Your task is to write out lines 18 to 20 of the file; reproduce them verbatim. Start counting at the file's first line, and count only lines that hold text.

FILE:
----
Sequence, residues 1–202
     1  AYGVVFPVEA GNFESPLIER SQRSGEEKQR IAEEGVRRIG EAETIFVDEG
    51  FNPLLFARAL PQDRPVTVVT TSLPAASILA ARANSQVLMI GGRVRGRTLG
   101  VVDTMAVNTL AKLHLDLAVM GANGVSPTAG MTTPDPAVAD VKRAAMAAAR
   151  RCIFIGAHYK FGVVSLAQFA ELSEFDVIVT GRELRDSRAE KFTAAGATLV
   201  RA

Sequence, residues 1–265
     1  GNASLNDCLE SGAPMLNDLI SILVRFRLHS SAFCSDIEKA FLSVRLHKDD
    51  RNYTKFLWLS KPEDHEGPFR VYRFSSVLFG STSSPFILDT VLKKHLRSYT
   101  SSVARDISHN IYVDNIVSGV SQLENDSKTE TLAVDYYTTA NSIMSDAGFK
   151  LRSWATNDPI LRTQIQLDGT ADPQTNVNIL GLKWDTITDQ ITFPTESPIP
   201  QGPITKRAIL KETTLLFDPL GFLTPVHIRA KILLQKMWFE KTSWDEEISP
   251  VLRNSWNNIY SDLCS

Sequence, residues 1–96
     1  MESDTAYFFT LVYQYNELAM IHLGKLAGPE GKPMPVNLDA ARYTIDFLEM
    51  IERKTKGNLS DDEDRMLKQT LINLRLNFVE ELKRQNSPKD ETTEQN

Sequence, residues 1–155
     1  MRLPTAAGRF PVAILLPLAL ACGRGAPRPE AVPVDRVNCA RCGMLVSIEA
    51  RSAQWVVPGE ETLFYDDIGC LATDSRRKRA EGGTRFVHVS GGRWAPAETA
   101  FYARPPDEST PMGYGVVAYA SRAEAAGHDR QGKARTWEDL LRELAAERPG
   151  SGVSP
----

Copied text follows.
     1  MRLPTAAGRF PVAILLPLAL ACGRGAPRPE AVPVDRVNCA RCGMLVSIEA
    51  RSAQWVVPGE ETLFYDDIGC LATDSRRKRA EGGTRFVHVS GGRWAPAETA
   101  FYARPPDEST PMGYGVVAYA SRAEAAGHDR QGKARTWEDL LRELAAERPG